company Cooperation Verlags account . . . , and therefore do not evidence
Mrs. Reves claimed power of disposal over the Entities. They can be
explained by the fact that Mrs. Reves did not possess a bank account in
France and had asked Cooperation Verlags if they would receive, in their
account in France, the funds necessary to settle her personal living
expenses in France, notably telephone bills, healthcare expenses,
subscription fees to a magazine she received in France, whilst reimbursing
Cooperation Verlags the same amount. (emphasis added)
17. Substantially the whole of Wendy Reves personal income from
investment accounts in Switzerland was directed to the bank accounts of
Cooperation Verlags AG which has, in turn, used those same funds to fund the
upkeep and maintenance and operations, and taxes of the Villa a fact that
contradicts what SCI La Pausa alleged and what the Court of First Instance of
Nice ruled in the arriving at the French Judgment and which was subsequently
confirmed in the Aix-en-Provence Court of Appeal.
18. Thus, SCI La Pausa provided misleading, fraudulent statements to the
French court that compounded by various procedural limitations on discovery
allowed SCI La Pausa to gain a judgment by fraud. The French Judgment should
not be enforced by this United States District Court.


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THIRD AFFIRMATIVE DEFENSE
(Due Process Violation: Cal. Code Of Civil Proc. 1716(c)(8))
19. As a separate and third affirmative defense to the Application and each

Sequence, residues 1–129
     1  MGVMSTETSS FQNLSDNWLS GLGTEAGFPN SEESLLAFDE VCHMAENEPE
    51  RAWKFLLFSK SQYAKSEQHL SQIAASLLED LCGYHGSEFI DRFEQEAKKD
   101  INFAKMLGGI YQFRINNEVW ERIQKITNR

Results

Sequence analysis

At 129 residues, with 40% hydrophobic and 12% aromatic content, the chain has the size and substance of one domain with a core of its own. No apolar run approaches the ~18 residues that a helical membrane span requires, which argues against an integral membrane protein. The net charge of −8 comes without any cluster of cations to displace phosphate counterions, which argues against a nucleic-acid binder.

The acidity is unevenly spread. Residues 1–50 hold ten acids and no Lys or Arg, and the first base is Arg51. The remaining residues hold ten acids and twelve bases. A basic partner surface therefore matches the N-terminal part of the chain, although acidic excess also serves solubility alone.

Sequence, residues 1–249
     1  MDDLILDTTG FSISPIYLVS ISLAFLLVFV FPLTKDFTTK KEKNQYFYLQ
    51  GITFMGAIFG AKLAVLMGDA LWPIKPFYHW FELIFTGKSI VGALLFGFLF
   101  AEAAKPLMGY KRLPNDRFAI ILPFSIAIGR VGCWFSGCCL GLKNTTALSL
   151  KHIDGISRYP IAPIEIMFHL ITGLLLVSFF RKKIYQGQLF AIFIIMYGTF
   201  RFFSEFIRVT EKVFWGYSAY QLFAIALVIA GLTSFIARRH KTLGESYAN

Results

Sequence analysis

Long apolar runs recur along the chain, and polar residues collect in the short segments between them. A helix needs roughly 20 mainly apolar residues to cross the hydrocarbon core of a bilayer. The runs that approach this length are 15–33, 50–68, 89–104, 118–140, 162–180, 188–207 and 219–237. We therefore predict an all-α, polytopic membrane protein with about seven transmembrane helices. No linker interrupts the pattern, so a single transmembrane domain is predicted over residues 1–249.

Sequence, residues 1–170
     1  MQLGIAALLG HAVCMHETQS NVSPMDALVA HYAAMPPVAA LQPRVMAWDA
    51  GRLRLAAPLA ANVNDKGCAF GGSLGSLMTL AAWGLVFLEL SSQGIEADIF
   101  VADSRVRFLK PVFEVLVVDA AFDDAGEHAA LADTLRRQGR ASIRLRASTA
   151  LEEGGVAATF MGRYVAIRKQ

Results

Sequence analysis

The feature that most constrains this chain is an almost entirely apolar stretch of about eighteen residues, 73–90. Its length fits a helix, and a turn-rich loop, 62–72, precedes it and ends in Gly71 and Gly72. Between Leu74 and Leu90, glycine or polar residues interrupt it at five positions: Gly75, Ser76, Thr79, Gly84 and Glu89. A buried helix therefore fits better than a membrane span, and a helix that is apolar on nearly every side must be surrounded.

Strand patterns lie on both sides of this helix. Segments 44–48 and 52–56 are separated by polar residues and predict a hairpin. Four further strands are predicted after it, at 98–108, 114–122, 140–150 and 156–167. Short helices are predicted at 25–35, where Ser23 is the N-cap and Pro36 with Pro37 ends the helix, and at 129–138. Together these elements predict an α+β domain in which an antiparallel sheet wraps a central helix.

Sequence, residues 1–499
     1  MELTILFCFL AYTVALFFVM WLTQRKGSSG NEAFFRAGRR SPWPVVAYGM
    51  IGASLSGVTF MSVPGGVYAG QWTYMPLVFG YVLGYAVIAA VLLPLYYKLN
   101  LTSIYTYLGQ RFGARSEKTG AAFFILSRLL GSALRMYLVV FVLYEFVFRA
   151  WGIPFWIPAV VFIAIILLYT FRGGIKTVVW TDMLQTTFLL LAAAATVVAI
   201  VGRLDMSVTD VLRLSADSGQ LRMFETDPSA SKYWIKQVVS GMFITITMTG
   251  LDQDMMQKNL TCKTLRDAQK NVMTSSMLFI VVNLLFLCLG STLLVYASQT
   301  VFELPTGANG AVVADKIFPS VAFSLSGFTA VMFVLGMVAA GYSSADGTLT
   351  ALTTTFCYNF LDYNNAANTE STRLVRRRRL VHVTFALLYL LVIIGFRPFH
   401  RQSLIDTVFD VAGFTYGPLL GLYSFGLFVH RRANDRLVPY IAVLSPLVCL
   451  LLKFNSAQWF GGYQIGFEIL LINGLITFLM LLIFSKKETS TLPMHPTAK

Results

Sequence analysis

allegation contained therein, Schroeder alleges that the specific proceeding in the
foreign court leading to the French Judgment was not compatible with the
requirements of due process of law within the meaning of California Code of Civil
Procedure 1716(c)(8).

20. Schroeder incorporates herein by reference paragraphs 3 through 18 as
if set forth in full herein.

FOURTH AFFIRMATIVE DEFENSE
(Public Policy: Cal. Code Of Civil Proc. 1716(c)(3))
21. As a separate and fourth affirmative defense to the Application and
each allegation contained therein, Schroeder alleges that it would be against the
public policy of the United States of America and/or the State of California to
enforce the French Judgment under the circumstances where Schroeder was
allegedly found liable for abuse of the right to sue.

WHEREFORE, Schroeder prays for relief as follows:
1. That the Application be dismissed, with prejudice and in its entirety;
2. That Applicant take nothing and that judgment be entered against
Applicant and in favor of Schroeder;
3. That Schroeder be awarded his attorneys fees and costs incurred in
defending this action;
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4. That Schroeder be granted such other and further relief as the Court
may deem just and proper.
DATED: May 18, 2012 PAYNE & FEARS LLP



By: /s/ Daniel L. Rasmussen